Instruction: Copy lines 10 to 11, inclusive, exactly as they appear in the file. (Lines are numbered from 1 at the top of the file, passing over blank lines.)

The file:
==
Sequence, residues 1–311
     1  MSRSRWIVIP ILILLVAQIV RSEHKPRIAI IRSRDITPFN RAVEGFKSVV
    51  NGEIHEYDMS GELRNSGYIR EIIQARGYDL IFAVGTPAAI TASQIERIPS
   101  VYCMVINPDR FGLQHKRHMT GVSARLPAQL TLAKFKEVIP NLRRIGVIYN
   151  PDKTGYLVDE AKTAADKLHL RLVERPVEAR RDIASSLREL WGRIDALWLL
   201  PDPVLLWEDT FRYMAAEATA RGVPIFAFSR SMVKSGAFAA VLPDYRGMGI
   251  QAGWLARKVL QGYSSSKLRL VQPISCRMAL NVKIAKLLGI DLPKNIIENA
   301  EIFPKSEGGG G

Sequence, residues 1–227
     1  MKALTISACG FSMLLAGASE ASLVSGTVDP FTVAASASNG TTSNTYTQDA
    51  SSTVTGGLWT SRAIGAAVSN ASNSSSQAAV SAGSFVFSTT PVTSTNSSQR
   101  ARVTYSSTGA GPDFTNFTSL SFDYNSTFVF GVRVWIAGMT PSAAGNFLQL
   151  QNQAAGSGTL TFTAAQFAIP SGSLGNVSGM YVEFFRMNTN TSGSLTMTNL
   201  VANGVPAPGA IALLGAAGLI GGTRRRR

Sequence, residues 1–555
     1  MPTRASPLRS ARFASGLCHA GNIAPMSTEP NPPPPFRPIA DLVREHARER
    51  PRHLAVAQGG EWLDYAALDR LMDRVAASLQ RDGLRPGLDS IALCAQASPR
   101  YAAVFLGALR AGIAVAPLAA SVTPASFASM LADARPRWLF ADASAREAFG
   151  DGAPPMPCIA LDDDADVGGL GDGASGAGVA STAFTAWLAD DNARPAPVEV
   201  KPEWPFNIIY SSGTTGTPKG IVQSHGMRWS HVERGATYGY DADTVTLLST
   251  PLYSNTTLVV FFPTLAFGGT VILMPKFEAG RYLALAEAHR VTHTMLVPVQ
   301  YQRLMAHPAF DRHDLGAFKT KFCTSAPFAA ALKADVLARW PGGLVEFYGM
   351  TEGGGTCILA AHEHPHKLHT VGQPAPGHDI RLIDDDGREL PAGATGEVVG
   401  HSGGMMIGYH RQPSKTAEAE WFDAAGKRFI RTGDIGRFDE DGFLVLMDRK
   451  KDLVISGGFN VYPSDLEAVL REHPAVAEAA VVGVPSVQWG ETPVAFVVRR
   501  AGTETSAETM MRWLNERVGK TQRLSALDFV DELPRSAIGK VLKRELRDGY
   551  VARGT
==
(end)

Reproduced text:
     1  MKALTISACG FSMLLAGASE ASLVSGTVDP FTVAASASNG TTSNTYTQDA
    51  SSTVTGGLWT SRAIGAAVSN ASNSSSQAAV SAGSFVFSTT PVTSTNSSQR